Kuhlthau, C.C. Seeking meaning: a process approach to library and information services. 2nd. ed. Westport, CT: Libraries Unlimited, 2004
The first edition of this book was published ten years ago and rapidly become something of a classic in the field of information seeking behaviour. It is good to see the second edition which incorporates not only the work the author has done since 1993, but also related work by other researchers.
Kuhlthau is one of the most cited authors in the field and her model of the information search process, involving stages in the search and associated feelings, has been used by others in a variety of contexts. However, what makes this book different (as was the case with the first edition) is the author's dedication to the field of practice and the book's sub-title demonstrates her commitment to the transfer of research. In Kuhlthau's case this is the practice of the school library media specialist, but her research has covered students of various ages as well as a wide range of occupational groups.
Because the information search model is so well known, I shall concentrate in this review on the relationship between the research findings and practice. It is necessary, however, to begin with the search process model, because this is central. Briefly, the model proposes that the searcher goes through the stages of initiation, selection, exploration, formulation, collection and presentation, and, at each stage, experiences various feelings ranging from optimism and satisfaction to confusion and disappointment. Personally, I occasionally suffer despair, but perhaps that is too extreme for most!
It is important to understand the origins of Kuhlthau's ideas in the work of the educational theorists, Dewey, Kelly and Bruner. Putting the matter in a rather simplistic manner, Dewey identified stages of cognition, Kelly attached the idea of feelings being associated with cognitive stages, and Bruner added the notion of actions associated with both. We can see this framework underlying Kuhlthau's research in her description of the actions undertaken at different stages in the search process and the associated feelings.
Central to the transfer of these ideas to practice is the notion of the 'Zone of Intervention' or the point at which an information seeker can proceed more effectively with assistance than without. Kuhlthau identifies five intervention zones, the first of which involves intervention by the information seeker him/herself. The remaining four involve interventions of different kinds, which the author distinguishes according to the level of mediation required: zone 2 involves the librarian as 'locater', i.e., providing the quick reference response; zone 3, as 'identifier', i.e., discovering potentially useful information resources, but taking no further interest in the user; zone 4 as 'advisor', i.e., not only identifying possibly helpful resources, but guiding the user through them, and zone 5 as 'counsellor', which might be seen as a more intensive version of the advisor, guiding not simply on the sources, but also on the overall process, through a continuing interaction with the user.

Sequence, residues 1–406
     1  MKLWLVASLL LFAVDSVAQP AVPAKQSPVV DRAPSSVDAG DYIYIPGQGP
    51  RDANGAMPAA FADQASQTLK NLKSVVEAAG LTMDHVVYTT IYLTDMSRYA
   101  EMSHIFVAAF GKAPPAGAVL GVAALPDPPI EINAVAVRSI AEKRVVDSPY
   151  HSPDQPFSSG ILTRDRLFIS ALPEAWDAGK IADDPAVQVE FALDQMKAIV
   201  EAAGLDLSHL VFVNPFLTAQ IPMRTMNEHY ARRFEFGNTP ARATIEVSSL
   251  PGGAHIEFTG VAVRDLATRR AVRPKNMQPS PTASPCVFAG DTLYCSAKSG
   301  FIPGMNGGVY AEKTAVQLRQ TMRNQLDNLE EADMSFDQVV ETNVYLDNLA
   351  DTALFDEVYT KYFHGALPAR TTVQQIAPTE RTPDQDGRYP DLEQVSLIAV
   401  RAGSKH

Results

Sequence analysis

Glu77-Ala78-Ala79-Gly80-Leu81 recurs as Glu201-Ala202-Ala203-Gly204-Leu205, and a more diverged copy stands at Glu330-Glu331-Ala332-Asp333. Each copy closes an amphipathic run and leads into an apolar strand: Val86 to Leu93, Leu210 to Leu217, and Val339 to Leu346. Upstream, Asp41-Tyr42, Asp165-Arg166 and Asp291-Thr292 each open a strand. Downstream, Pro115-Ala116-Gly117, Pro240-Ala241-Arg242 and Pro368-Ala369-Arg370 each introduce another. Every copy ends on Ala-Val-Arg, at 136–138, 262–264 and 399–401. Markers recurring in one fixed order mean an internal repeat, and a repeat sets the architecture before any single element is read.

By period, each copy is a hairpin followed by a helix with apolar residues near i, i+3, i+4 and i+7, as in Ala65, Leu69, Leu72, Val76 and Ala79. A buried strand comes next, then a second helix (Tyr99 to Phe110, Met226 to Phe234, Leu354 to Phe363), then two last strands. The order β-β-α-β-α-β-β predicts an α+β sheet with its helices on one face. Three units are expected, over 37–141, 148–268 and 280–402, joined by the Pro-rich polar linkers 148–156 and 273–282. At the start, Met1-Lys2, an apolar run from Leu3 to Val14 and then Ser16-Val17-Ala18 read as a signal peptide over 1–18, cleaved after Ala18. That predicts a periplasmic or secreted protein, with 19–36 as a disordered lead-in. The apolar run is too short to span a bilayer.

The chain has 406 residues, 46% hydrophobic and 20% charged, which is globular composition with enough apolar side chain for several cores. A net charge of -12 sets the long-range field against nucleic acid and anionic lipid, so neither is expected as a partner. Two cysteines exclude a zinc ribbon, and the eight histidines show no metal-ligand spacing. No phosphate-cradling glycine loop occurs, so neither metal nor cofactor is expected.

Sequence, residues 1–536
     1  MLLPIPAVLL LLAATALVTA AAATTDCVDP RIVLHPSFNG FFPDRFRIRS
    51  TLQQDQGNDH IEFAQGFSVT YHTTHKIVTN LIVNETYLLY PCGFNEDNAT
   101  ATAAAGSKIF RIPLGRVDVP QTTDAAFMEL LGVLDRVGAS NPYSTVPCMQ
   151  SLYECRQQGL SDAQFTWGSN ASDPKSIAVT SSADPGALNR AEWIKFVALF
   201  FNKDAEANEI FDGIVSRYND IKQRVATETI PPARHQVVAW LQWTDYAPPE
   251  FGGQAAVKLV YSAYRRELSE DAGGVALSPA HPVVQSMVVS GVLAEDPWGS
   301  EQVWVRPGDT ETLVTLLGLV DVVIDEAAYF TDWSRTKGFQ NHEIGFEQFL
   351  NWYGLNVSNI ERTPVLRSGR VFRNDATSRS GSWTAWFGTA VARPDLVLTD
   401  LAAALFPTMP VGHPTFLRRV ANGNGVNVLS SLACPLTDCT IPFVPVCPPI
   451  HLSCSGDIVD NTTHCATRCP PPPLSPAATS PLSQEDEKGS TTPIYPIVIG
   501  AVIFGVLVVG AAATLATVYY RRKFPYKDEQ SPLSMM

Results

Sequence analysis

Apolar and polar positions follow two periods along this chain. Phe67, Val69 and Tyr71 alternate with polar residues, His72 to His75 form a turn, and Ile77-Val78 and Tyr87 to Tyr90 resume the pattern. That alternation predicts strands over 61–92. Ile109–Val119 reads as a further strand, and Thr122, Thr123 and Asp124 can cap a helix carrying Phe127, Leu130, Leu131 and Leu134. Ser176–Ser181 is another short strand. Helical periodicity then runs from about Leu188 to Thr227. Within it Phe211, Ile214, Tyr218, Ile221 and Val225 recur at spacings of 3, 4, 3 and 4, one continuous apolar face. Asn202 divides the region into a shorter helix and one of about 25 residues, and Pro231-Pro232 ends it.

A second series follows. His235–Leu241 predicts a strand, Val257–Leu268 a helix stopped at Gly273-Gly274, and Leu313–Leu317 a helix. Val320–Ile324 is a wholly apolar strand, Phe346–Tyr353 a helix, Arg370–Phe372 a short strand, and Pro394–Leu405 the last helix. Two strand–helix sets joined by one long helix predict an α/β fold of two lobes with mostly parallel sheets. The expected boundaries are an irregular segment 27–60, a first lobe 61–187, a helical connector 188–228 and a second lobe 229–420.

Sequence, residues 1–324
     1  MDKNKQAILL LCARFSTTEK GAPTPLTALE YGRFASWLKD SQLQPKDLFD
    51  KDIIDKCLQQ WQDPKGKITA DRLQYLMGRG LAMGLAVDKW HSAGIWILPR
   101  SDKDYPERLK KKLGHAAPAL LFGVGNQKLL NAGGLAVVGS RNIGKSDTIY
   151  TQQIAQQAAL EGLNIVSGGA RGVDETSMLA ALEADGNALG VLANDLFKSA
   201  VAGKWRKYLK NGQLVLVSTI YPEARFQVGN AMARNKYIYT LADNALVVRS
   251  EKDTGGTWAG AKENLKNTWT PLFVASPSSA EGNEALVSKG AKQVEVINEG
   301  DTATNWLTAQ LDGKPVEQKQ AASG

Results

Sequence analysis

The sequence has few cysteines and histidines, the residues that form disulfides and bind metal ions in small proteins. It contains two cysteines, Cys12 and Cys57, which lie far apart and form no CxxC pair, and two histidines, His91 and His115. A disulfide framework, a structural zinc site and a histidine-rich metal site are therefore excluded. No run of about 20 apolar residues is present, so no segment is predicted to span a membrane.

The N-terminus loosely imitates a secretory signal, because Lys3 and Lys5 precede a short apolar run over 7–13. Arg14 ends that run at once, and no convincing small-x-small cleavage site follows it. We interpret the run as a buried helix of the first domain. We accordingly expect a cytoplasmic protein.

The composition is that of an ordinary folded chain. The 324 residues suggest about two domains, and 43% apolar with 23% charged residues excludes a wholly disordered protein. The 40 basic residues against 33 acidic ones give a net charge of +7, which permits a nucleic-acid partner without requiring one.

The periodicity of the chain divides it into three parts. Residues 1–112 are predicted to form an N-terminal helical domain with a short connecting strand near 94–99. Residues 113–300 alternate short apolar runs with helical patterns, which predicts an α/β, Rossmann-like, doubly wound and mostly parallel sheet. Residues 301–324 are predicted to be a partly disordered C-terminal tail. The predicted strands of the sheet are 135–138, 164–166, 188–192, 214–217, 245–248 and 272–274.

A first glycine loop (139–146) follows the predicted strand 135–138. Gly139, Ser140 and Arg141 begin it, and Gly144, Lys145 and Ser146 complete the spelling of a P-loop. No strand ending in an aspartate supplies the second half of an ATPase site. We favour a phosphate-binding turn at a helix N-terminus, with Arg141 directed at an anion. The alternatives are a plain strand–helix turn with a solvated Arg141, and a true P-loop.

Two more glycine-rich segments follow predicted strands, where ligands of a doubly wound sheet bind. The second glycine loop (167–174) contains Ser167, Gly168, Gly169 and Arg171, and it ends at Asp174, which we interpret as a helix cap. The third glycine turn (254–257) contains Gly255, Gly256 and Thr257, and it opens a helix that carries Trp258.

Clearly, these processes can be used in workshops, conference presentations and the classroom to sensitise the practioner and the student to the range of helping strategies that ought to be made available to the information seeker. However, the author goes further, identifying a further set of strategies for intervening in the search process, which she describes as 'collaborating', 'continuing', 'choosing', 'charting', 'conversing' and 'composing'. 'Collaboration' clearly involves the participation of others - fellow students, work peers, fellow researchers, or whatever, in the search process; 'continuing' intervention is associated with information seeking that involves a succession of actions - the intermediary 'stays with' the searcher throughout the process, available as needed to support him/her; 'choosing', that is, enabling the information seeker to identify the available choices in any given situation; 'charting' involves presenting a graphic illustration of the overall process and locating the information seeker in that chart; 'conversing' is the encouragement of discussion about the problem(s), and 'composing' involves the librarian as counsellor in encouraging the information seeker to document his/her experience, perhaps by keeping a diary of the process.
Together with the zones of intervention, these ideas, and others set out in the book, provide a very powerful didactic mechanism for improving library and information service delivery. Of course, other things are necessary - the motivation to work in this way, and the availability resources to enable its accomplishment. Sadly, at least in the UK, many libraries today are too financially pressed to do much more than the minimum helpful intervention in the information seeking process. However, that should not serve as a stick with which to beat the author: not only has she performed work of genuine significance in the field of human information behaviour, she has demonstrated beyond question that the ideas that have emerged from her research have the capability to help to deliver more effective services.
Professor T.D. Wilson